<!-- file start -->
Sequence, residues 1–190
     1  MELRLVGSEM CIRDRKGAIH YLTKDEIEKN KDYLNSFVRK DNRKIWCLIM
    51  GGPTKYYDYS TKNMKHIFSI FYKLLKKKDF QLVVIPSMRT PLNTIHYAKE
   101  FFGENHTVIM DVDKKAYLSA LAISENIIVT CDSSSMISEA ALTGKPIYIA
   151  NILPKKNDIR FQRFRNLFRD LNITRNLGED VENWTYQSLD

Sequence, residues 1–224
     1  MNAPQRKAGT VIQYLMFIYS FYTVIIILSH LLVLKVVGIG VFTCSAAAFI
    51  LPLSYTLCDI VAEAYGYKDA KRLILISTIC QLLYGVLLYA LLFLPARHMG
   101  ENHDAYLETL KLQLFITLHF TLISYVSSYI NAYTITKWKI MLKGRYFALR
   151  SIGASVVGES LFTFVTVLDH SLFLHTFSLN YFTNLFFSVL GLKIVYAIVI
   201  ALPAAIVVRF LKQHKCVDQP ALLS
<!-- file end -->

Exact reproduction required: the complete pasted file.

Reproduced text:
Sequence, residues 1–190
     1  MELRLVGSEM CIRDRKGAIH YLTKDEIEKN KDYLNSFVRK DNRKIWCLIM
    51  GGPTKYYDYS TKNMKHIFSI FYKLLKKKDF QLVVIPSMRT PLNTIHYAKE
   101  FFGENHTVIM DVDKKAYLSA LAISENIIVT CDSSSMISEA ALTGKPIYIA
   151  NILPKKNDIR FQRFRNLFRD LNITRNLGED VENWTYQSLD

Sequence, residues 1–224
     1  MNAPQRKAGT VIQYLMFIYS FYTVIIILSH LLVLKVVGIG VFTCSAAAFI
    51  LPLSYTLCDI VAEAYGYKDA KRLILISTIC QLLYGVLLYA LLFLPARHMG
   101  ENHDAYLETL KLQLFITLHF TLISYVSSYI NAYTITKWKI MLKGRYFALR
   151  SIGASVVGES LFTFVTVLDH SLFLHTFSLN YFTNLFFSVL GLKIVYAIVI
   201  ALPAAIVVRF LKQHKCVDQP ALLS